Periodically, Crouch removes his headset and approaches a microphone positioned on stage. He proceeds to break up the horror of King Lear with stand-up comedy which becomes increasingly dark and upsetting. However, these episodes are totally unrelated to the description of the performance of King Lear. They do prove to be a form of comic relief to the bleak world of Shakespeare’s tragedy. Along the way he reminds us that gathering in theaters is what people used to do, listening to people speaking directly to them, as though the pandemic has made live performance by multiple actors a thing of the past.

Tim Crouch as he appears in his play “Truth’s a Dog Must to Kennel” at the SoHo Playhouse (Photo credit: Stuart Armitt)

The title of Crouch’s play is a line spoken by the Fool in Act I, Scene iv to his master Lear, king of Britain. The complete context reads: “Truth’s a dog must to kennel; he must be whipped out, when Lady the brach (i.e. a female hound) may stand by the fire and stink.” This has been interpreted to mean that the Fool is criticizing Lear for chastising his youngest daughter Cordelia for telling him the truth, while her malicious sisters Goneril and Regan are rewarded for their flattery. (Lear will live to regret this decision.) Unfortunately, this is never referred to in Crouch’s play nor is it explained by him while we are in the theater.

Under the direction of Karl Janes and Andy Smith, Tim Crouch is a very commanding performer, using his resonant baritone to paint pictures with words, holding our attention at all times. Narrating alone he makes us see all he describes from the theater, to the audience, to the landscape on stage and the other unseen actors. However, the play is not for all theatergoers simply because the format is complex and hard to follow and knowledge of the plot of King Lear is mandatory. On the other hand, for those who are into experimental theater, this is an exemplary model of the genre boldly pushing the envelope to what is possible.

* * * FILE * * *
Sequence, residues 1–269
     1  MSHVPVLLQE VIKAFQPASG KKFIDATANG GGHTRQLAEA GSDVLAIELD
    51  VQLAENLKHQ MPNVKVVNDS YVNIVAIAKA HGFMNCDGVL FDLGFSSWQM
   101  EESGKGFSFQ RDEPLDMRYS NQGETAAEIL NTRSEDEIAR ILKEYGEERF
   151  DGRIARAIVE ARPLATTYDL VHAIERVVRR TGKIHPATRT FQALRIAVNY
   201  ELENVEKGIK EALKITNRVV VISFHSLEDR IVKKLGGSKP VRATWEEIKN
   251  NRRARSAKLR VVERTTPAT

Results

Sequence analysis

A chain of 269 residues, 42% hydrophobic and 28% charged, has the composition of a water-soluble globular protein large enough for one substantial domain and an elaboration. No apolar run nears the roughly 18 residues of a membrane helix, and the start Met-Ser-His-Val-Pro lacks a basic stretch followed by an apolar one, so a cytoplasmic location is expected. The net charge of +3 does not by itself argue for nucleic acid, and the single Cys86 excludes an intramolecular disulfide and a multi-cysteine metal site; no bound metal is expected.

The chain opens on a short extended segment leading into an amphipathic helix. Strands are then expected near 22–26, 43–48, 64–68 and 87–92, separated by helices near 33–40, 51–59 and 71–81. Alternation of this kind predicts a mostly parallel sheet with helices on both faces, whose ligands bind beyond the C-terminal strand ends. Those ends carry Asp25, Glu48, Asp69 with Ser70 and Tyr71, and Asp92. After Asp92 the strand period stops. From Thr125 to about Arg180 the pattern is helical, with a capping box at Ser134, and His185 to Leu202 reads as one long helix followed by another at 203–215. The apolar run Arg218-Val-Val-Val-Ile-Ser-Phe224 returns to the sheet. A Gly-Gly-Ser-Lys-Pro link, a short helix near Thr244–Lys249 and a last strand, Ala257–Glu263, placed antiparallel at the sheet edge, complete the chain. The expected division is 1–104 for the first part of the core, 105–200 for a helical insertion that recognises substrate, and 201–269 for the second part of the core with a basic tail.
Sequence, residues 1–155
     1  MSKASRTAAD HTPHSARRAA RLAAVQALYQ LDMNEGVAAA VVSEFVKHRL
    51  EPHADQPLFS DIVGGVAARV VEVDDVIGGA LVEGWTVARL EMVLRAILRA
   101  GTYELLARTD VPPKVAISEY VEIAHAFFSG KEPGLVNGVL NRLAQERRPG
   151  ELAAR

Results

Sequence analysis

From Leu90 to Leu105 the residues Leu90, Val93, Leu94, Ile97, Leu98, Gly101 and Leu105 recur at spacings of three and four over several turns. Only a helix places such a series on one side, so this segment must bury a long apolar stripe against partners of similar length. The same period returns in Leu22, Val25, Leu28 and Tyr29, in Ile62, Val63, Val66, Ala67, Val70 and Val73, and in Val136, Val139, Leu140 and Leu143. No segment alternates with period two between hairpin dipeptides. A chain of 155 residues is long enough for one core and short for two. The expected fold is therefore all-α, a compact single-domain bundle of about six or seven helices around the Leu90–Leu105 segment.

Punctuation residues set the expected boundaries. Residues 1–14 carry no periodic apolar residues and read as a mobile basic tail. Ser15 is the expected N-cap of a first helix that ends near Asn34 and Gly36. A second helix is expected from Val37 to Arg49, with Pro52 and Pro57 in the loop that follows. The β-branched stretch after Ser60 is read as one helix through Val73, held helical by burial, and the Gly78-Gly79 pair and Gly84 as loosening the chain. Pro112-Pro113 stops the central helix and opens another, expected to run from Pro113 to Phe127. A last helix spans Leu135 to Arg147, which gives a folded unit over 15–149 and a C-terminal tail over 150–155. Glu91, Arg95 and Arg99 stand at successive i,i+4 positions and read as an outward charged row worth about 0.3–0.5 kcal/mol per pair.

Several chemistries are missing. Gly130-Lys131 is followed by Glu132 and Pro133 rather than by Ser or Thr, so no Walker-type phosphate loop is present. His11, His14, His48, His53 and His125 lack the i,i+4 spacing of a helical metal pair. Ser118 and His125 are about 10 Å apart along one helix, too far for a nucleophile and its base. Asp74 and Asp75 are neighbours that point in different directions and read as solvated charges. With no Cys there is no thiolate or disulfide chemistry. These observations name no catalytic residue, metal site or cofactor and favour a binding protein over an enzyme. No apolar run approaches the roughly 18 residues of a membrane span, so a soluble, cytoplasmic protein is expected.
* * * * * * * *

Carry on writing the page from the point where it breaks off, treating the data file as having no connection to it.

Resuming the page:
Truth’s a Dog Must to Kennel (December 28, 2022 – January 8, 2023)

A Royal Lyceum Theatre Edinburgh production

International Fringe Encore Series

SoHo Playhouse, 15 Vandam Street, in Manhattan

For tickets, visit

Running time: one hour and ten minutes without an intermission

Share your thoughts in the comment section below.

Victor Gluck, Editor-in-Chief
About Victor Gluck, Editor-in-Chief (937 Articles)
Victor Gluck was a drama critic and arts journalist with Back Stage from 1980 – 2006. He started reviewing for in 2006, where he was also Associate Editor from 2011-2013, and has been Editor-in-Chief since 2014. He is a voting member of The Drama Desk, the Outer Critics Circle, the American Theatre Critics Association, and the Dramatists Guild of America. His plays have been performed at the Quaigh Theatre, Ryan Repertory Company, St. Clements Church, Nuyorican Poets Café and The Gene Frankel Playwrights/Directors Lab.

1 Comment on Truth’s a Dog Must to Kennel

  1. Avatar myra paybarah // January 3, 2023 at 1:28 pm // Reply

    You managed to explain the content of a play- that was difficult to follow. You gave proper credit to the actor Tim Crouch- but surely this play is not for everyone.